Law enforcement. Indonesia has many laws that on paper protect peatlands that are currently going up in flames. But these laws are often conflicting and haphazardly enforced, leading to selective and sometimes discriminatory prosecution. The Indonesian government needs to deal seriously and consistently with violators, punishing transgressors whether they are company executives, well-connected speculators, or encroachers. Burn laws can no longer be ignored and the national law governing peatlands (PP Gambut no 71 of 2014) must be strictly enforced. Officials who consistently fail to address fires in their districts should be held to account.
Monitoring. Between satellite data, platforms like Global Forest Watch, and reports from NGOs, there is plenty of information on where fires are burning, facilitating fire-fighting efforts, but the Indonesian government is preventing the publication of up-to-date concession maps that would facilitate law enforcement efforts and improve private sector accountability. Having up-to-date information would also enable intelligence to be applied before fires actually start. Predictive modeling, local monitoring networks, and outreach campaigns could all help with fire prevention, a far more cost-effective option than fire fighting.
Land conflict. Contested land claims are a problem throughout Indonesia due to poor record-keeping, lack of communication between various levels of government and agencies, corruption, and outright fraud. Sorting out who has what rights to what land is enormously complex but critical to establishing good governance, including seemingly mundane things like tax collection, permit auditing, and spatial planning. Jokowi needs to commit to a timeline and the resources to making One Map a reality.
Experimentation. At the district and provincial level, local governments and the private sector are experimenting with new approaches that aim to address the problems that underpin fire and haze. For example in Central Kalimantan, which has been particularly hard hit by fires, there is an effort to bring all palm oil producers in a given jurisdiction under a sustainable production standard. Under that approach, buyers could be assured that all palm oil produced in a certain jurisdiction met production criteria. Producers would be kept in line with peer pressure—any producer who failed to uphold the standard would risk everyone in the district losing their certification.
Comprehensive accounting. Land use decisions in Indonesia have traditionally focused on gross output rather than the cost of achieving that output. As a result, production of bulk commodities like palm oil, timber, and wood pulp has been prioritized over diversified income streams. And externalities like water and air pollution, subsidence and flooding, reduced food security, increased ambient temperatures, and heightened fire risk have been ignored. But as the current haze crisis is showing, the cost of business as usual is very high. The Indonesian government can help by starting to realign incentives to push development in more sustainable directions, including encouraging joint ventures between communities and companies that target non-forest lands outside of peat areas. Ministries should offer tax breaks for better management and align production goals with higher yields, not the extent of plantations. Where communities are protecting forests, the government should recognize their rights, not keep their claims in legal limbo. Fiscal policy should benefit local governments who are practicing low-carbon sustainable development programs, thus eliminating incentives for conversion of natural forest and peatlands.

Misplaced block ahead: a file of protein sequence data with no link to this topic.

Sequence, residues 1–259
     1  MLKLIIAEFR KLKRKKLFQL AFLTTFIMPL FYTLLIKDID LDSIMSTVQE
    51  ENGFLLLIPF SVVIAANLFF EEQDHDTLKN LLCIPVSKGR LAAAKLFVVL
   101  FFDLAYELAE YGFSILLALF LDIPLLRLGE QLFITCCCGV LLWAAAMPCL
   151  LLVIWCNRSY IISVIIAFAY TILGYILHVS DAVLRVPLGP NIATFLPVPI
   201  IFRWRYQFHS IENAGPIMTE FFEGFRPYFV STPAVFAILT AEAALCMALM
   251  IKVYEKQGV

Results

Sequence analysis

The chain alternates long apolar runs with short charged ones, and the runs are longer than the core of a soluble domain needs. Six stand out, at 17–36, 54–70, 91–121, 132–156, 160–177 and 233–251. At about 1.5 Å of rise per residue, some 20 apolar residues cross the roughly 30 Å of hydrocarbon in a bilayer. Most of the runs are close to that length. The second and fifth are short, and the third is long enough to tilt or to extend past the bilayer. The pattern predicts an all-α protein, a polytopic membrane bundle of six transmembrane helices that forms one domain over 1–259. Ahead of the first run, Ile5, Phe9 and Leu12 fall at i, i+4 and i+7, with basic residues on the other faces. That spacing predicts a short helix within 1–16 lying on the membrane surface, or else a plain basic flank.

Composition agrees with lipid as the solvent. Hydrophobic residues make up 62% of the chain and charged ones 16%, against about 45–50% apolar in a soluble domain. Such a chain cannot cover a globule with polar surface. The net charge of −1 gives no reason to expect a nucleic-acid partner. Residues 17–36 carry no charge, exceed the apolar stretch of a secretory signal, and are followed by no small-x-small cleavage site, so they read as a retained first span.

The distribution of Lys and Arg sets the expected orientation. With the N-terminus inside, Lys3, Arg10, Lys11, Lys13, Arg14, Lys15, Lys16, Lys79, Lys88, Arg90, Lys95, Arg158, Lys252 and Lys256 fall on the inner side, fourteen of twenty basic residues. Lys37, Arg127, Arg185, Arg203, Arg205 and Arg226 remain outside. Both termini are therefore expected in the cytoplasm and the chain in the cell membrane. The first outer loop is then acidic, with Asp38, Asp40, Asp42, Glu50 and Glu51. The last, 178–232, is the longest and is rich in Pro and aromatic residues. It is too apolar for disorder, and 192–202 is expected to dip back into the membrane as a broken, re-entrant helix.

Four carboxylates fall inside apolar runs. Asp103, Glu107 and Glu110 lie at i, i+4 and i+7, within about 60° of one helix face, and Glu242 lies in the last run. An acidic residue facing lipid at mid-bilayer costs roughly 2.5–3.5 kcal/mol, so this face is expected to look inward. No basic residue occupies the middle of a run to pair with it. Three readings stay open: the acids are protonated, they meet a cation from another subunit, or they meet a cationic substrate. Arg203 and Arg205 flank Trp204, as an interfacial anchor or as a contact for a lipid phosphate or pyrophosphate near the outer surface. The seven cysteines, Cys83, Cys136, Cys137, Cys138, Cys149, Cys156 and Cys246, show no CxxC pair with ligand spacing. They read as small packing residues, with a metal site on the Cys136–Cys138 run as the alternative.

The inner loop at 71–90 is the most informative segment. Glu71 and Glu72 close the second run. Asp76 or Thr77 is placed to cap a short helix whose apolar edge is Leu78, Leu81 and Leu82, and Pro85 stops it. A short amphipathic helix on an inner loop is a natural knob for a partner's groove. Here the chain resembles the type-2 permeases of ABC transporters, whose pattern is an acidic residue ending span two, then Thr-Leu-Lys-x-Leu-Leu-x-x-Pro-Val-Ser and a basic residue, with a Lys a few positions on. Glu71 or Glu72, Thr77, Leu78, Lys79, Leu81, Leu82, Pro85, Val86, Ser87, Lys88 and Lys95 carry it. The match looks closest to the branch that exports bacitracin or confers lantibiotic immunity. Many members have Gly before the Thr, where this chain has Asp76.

These measures can move Indonesia toward addressing the underlying causes of its current environmental crisis. They also offer a path toward a more sustainable and equitable future in Indonesia.
Could the haze crisis save Indonesia’s forests?
The haze crisis may seem like an unlikely savior of Indonesia’s forests and peatlands, but if Jokowi plays it right, it could become just that.
Leveraging international momentum for action on climate change and prominent commitments from big companies, Jokowi could parlay the darkened skies over Southeast Asia into a much bigger win that both fulfills the promise the electorate saw in him – defending the public interest in the face of entrenched interests and long odds – and boosts Indonesia’s standing aboard. Indonesian citizens, the international community, and investors – both domestic and foreign – would surely react favorably.